Sanchez v. Project Adventure, Inc., 12 A.D.3d 208; 785 N.Y.S.2d 46; 2004 N.Y. App. Div. LEXIS 13184Posted: August 27, 2016
Benjamin Sanchez, Also Known as Gerard Sanchez, Respondent-Appellant, v. Project Adventure, Inc., Appellant-Respondent and Third-Party Plaintiff-Appellant. Bedford Central School District, Third-Party Defendant-Respondent, et al., Third-Party Defendant.
SUPREME COURT OF NEW YORK, APPELLATE DIVISION, FIRST DEPARTMENT
12 A.D.3d 208; 785 N.Y.S.2d 46; 2004 N.Y. App. Div. LEXIS 13184
November 9, 2004, Decided
November 9, 2004, Entered
PRIOR HISTORY: [***1]
Sanchez v. Project Adventure, Inc., 260 A.D.2d 151, 687 N.Y.S.2d 359, 1999 N.Y. App. Div. LEXIS 3258 (N.Y. App. Div. 1st Dep’t, 1999)
CORE TERMS: bungee, cord, wire, zip, school district, design defect, injury-producing, replacement, appreciably, augment, echoed
Contribution–Apportionment of Liability among Joint Tortfeasors.–Evidence permitted jury to conclude that while third-party defendant school district had been negligent in using replacement bungee cord that was too short, this negligence merely echoed design defect for which defendant was responsible, and thus did not appreciably augment injury-producing risk.
COUNSEL: Iona Preparatory School, Carol R. Finocchio, New York, for appellant-respondent/appellant.
Pollack, Pollack, Isaac & DeCicco, New York (Brian J. Isaac of counsel), for respondent-appellant.
O’Connor, McGuinness, Conte, Doyle & Oleson, White Plains (Montgomery L. Effinger of counsel), for respondent.
JUDGES: Concur–Nardelli, J.P., Mazzarelli, Lerner, Friedman and Marlow, JJ.
[*208] [**47] Judgment, Supreme Court, Bronx County (Megan Tallmer, J.), entered on or about February 6, 2004, which, upon a jury verdict, as reduced, awarded plaintiff damages, unanimously affirmed, without costs.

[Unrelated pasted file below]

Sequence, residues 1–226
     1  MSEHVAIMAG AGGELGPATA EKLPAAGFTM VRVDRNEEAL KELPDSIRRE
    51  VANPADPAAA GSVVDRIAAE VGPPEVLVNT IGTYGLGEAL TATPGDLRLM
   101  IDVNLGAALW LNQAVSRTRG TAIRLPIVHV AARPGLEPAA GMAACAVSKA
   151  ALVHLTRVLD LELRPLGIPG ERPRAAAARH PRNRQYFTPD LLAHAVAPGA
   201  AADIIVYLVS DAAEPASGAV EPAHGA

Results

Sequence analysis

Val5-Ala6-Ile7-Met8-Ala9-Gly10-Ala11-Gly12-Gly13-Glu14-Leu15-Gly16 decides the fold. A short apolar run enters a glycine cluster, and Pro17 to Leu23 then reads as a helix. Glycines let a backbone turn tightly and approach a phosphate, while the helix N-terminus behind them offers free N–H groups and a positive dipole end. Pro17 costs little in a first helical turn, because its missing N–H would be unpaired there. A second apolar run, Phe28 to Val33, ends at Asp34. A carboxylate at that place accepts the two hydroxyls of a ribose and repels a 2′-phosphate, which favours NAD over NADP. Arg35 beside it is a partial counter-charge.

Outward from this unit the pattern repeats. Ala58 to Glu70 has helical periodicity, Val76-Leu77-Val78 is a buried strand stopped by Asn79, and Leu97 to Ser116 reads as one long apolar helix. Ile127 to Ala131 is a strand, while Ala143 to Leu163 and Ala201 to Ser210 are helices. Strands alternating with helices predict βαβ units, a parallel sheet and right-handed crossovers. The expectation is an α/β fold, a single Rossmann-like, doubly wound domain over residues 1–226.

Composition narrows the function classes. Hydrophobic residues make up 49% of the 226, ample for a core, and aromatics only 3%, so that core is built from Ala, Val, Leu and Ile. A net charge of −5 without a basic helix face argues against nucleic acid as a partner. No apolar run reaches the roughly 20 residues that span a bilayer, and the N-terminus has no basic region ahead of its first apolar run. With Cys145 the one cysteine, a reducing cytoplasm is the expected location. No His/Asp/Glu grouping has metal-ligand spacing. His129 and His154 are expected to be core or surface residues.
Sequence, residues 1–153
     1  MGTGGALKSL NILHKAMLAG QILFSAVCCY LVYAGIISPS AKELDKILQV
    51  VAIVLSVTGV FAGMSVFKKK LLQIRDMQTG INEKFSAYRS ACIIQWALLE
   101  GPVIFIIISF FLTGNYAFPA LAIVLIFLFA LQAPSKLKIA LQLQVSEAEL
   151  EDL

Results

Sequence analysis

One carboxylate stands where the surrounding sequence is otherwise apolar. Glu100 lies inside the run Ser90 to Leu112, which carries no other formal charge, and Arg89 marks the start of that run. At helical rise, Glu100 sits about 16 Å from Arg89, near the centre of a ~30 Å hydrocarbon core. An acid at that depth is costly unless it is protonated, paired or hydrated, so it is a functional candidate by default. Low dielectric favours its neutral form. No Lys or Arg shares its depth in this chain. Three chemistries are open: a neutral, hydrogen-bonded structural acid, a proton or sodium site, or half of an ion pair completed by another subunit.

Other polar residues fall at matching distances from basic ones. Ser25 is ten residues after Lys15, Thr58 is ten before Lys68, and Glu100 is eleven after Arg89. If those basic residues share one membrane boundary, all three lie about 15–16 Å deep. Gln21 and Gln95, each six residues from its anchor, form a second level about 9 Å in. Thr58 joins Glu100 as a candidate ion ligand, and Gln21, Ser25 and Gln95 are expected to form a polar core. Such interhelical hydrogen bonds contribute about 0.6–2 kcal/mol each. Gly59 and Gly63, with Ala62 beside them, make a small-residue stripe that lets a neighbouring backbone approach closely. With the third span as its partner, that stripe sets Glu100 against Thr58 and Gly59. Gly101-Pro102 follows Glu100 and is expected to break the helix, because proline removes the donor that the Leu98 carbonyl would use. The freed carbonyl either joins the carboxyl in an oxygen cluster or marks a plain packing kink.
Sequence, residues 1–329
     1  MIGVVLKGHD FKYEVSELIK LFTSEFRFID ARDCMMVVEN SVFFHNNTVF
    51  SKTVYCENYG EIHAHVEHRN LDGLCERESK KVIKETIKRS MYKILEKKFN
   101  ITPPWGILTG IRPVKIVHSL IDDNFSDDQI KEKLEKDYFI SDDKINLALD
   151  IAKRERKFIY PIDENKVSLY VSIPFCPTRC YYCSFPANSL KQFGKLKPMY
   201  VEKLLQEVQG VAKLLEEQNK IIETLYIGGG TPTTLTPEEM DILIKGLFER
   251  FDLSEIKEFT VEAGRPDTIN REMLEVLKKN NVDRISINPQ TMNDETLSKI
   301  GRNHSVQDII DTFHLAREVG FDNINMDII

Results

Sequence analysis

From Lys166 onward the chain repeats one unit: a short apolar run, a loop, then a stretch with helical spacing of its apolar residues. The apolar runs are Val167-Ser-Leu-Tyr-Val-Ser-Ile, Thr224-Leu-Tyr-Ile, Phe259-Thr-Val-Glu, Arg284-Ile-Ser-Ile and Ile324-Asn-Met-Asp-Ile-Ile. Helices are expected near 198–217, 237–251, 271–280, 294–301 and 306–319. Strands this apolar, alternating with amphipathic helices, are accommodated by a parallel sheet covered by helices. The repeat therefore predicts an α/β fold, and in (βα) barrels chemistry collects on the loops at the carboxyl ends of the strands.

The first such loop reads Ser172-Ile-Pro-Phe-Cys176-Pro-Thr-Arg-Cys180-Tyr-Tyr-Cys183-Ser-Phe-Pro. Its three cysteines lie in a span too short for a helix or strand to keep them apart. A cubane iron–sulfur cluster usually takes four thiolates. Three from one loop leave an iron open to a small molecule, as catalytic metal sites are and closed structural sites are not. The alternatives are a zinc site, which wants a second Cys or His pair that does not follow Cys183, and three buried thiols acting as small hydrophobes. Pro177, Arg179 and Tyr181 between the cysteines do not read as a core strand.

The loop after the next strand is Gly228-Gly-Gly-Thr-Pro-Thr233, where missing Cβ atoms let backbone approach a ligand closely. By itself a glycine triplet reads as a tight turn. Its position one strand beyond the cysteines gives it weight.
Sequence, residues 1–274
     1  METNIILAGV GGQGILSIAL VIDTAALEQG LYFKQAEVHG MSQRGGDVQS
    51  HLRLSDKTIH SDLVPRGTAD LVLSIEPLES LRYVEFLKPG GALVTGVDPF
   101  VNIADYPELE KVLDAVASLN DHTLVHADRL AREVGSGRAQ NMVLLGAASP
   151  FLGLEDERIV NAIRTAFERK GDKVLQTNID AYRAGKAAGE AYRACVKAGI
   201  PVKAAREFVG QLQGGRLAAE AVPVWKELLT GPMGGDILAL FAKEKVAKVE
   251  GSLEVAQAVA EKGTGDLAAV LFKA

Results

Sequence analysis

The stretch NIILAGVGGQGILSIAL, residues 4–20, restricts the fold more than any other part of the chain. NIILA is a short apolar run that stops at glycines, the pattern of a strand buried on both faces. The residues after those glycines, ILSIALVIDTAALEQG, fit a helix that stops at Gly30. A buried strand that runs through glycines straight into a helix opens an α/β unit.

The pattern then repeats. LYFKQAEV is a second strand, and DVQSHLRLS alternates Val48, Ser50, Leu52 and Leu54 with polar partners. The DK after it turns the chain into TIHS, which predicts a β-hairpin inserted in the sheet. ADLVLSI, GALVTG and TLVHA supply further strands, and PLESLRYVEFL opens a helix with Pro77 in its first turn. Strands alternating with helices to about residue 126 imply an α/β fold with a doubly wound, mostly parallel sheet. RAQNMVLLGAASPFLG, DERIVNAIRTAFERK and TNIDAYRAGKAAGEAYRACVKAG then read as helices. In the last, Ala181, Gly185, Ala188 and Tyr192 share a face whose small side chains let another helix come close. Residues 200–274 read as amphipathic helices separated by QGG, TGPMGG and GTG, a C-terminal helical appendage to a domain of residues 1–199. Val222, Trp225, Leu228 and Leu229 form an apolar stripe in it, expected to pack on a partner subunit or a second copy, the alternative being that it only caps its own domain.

The then-15-year-old plaintiff, while on a school field trip to a challenge course located at a facility operated by third-party defendant Bedford Central School District (Bedford), was standing [*209] in line for an elevated “zip wire” ride, when the bungee cord used as a braking device on the “zip wire” snapped and hit his right eye. The injury produced by the impact of the bungee cord caused plaintiff to go blind in that eye. The “zip wire” had been designed and inspected by defendant, which conceded liability [***2] for the accident, but, citing evidence that the bungee cord used on the “zip wire” had been replaced before the accident by a Bedford employee, contended that Bedford was principally responsible for plaintiff’s harm. The jury, however, found that although Bedford had been negligent, its negligence was not a substantial cause of plaintiff’s harm. Defendant urges that this finding was contrary to the weight of the evidence. We disagree. The evidence fairly interpreted (see Kennedy v New York City Health & Hosps. Corp., 300 A.D.2d 146, 147, 751 N.Y.S.2d 728 ) permitted the jury to conclude that while Bedford had been negligent in utilizing a replacement bungee cord that was too short, this negligence merely echoed a design defect for which defendant was responsible, and thus did not appreciably augment the injury-producing risk.
The damage award, as reduced, did not deviate materially from what is reasonable compensation (see CPLR 5501 [c]) under the circumstances.
Concur–Nardelli, J.P., Mazzarelli, Lerner, Friedman and Marlow, JJ.